Analytical Philosophy and The Error Theory of Moral Statements
For philosophers in the Anglo-American analytical tradition statements involving moral values have caused concern because of their similarity to statements about objects and events in the physical world. Compare:
- Littering is commonplace in Chiang Mai
- Littering is wrong
Both have the same grammatical structure, but the way we might verify the first is quite different from the way we might want verify the second. We can verify the first statement by observations made in the physical world, but, according to David Hume, no amount of physical world observation can verify statements of the second type. Hume's view is summarized as “you can not derive ought from is”. Whereas statements of the first type must be true or false, some philosophers have argued that moral statement are neither true nor false. Richard M. Hare, for example, argues that moral statements are in fact imperatives (commands). For him the statement “littering is wrong” means “do not litter”, and “do not litter” is neither true nor false.
In sharp contrast to people like Hare, J. L. Mackie contended that moral statements are false. Mackie's view discomforts Crispin Wright who says that it “relegates moral discourse to bad faith”. Wright is not saying that all moral statements are bad faith. What he is saying is that if Mackie is correct, and somebody believes that Mackie is correct, then that person will be guilty of bad faith whenever he makes a moral statement.
Famous quotes containing the words moral, statements, theory, analytical, philosophy and/or error:
“Whether there be any such moral principles, wherein all men do agree, I appeal to any, who have been but moderately conversant in the history of mankind, and looked abroad beyond the smoke of their own chimneys. Where is that practical truth, that is universally received without doubt or question, as it must be, if innate?”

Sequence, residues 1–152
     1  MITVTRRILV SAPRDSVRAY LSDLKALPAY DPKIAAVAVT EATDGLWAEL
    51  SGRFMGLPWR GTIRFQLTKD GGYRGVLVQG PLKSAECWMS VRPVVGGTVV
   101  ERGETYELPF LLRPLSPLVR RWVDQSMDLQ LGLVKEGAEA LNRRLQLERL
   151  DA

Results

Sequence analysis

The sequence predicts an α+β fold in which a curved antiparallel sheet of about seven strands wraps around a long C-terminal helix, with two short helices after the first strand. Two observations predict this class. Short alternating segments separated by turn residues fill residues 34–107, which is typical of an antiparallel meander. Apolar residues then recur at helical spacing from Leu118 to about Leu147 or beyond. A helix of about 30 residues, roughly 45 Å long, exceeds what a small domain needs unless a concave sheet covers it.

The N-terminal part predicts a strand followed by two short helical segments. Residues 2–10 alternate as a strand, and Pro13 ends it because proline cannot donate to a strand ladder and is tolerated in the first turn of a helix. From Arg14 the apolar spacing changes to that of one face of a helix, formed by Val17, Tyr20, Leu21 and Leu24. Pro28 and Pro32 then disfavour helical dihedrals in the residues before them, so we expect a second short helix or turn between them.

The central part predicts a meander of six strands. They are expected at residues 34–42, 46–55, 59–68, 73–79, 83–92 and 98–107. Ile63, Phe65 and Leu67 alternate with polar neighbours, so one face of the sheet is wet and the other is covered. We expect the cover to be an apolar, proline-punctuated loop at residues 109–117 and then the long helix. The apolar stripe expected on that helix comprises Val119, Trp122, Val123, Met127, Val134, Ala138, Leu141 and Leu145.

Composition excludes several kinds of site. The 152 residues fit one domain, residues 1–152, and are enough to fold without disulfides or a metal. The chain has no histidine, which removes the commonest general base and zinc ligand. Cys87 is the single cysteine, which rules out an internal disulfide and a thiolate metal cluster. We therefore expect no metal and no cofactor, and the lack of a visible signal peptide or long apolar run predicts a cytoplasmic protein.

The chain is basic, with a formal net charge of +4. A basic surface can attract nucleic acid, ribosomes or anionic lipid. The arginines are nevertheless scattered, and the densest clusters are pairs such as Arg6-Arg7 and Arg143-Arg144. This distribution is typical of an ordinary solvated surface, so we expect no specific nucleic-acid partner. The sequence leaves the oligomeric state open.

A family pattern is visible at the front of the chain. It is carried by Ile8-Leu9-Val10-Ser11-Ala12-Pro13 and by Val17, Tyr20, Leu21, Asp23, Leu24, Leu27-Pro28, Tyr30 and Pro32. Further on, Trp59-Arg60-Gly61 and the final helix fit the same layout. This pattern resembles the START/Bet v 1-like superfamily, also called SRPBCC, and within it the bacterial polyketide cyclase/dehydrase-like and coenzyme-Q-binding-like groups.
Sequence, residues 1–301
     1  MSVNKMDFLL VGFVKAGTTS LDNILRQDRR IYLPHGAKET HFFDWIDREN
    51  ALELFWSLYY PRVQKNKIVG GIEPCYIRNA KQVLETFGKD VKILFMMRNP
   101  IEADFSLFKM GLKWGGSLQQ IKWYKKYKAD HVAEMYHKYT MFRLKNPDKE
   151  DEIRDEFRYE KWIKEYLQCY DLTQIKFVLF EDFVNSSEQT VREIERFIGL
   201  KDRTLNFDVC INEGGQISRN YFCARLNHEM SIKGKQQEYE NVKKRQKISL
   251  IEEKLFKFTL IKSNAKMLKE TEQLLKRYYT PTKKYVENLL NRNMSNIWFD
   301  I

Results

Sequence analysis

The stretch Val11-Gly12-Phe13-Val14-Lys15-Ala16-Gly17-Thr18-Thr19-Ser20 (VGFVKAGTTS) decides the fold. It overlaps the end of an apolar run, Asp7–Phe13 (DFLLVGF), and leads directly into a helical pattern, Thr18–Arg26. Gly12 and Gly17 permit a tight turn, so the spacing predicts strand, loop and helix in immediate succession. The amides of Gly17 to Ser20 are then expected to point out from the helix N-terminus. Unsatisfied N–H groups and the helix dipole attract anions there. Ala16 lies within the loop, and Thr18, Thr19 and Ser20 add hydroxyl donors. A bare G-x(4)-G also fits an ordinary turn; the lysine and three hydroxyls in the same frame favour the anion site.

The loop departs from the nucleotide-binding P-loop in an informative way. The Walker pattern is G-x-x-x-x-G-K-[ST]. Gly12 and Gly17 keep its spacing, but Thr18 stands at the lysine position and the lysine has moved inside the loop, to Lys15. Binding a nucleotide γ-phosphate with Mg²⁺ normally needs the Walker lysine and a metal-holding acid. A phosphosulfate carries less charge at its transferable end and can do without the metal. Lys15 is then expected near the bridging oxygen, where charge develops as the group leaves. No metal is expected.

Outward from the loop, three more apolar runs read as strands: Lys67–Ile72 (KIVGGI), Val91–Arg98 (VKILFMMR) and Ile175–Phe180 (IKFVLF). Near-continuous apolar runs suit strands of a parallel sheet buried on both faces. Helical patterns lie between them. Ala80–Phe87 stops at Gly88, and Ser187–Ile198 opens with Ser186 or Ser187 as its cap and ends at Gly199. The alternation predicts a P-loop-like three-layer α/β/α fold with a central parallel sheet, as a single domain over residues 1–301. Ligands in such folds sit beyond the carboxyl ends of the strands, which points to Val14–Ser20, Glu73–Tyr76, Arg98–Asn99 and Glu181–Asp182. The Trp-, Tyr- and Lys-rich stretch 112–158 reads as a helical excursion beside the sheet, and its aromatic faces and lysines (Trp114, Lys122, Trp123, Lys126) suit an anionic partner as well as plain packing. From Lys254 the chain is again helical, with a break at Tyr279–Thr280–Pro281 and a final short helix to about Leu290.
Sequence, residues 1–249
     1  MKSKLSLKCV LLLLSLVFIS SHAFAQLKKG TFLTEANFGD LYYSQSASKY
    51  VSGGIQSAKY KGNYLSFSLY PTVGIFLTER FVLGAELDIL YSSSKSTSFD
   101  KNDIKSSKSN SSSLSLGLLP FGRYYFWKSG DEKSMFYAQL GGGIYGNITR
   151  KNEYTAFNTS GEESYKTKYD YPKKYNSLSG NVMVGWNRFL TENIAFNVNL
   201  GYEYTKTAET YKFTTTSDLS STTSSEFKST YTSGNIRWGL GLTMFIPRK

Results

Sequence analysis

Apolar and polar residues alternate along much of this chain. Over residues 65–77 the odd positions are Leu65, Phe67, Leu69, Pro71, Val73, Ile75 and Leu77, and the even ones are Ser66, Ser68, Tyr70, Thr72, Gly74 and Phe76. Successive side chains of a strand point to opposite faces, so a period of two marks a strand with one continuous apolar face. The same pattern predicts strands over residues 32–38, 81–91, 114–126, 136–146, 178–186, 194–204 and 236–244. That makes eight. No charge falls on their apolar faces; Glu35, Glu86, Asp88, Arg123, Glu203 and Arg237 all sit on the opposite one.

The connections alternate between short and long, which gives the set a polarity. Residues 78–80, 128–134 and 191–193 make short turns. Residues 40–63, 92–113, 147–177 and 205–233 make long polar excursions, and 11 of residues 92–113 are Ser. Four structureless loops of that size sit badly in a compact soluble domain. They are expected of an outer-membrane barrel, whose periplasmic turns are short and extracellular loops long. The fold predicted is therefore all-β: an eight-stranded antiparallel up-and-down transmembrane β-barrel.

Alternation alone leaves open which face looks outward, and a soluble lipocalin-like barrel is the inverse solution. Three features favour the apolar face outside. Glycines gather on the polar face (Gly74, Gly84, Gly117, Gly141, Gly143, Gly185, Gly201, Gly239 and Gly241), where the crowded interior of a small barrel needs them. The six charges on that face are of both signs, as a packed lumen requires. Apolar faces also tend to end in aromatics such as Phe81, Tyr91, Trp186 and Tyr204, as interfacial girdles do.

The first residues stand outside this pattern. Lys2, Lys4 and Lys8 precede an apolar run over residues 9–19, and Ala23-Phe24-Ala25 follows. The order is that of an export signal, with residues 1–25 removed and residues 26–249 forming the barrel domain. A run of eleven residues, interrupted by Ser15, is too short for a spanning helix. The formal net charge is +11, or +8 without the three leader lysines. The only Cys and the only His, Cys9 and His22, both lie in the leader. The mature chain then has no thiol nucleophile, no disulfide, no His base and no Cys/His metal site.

—John Locke (16321704)
“The wise man regulates his conduct by the theories both of religion and science. But he regards these theories not as statements of ultimate fact but as art-forms.”
—J.B.S. (John Burdon Sanderson)
“Wont this whole instinct matter bear revision?
Wont almost any theory bear revision?
To err is human, not to, animal.”
—Robert Frost (18741963)
“I have seen too much not to know that the impression of a woman may be more valuable than the conclusion of an analytical reasoner.”
—Sir Arthur Conan Doyle (18591930)
“This philosophy of hate, of religious and racial intolerance, with its passionate urge toward war, is loose in the world. It is the enemy of democracy; it is the enemy of all the fruitful and spiritual sides of life. It is our responsibility, as individuals and organizations, to resist this.”
—Mary Heaton Vorse (18741966)
“It is as certain as it is strange that truth and error come from one and the same source; for that reason one must often not do something to the detriment of error since one would do also something detrimental to truth.”
—Johann Wolfgang Von Goethe (17491832)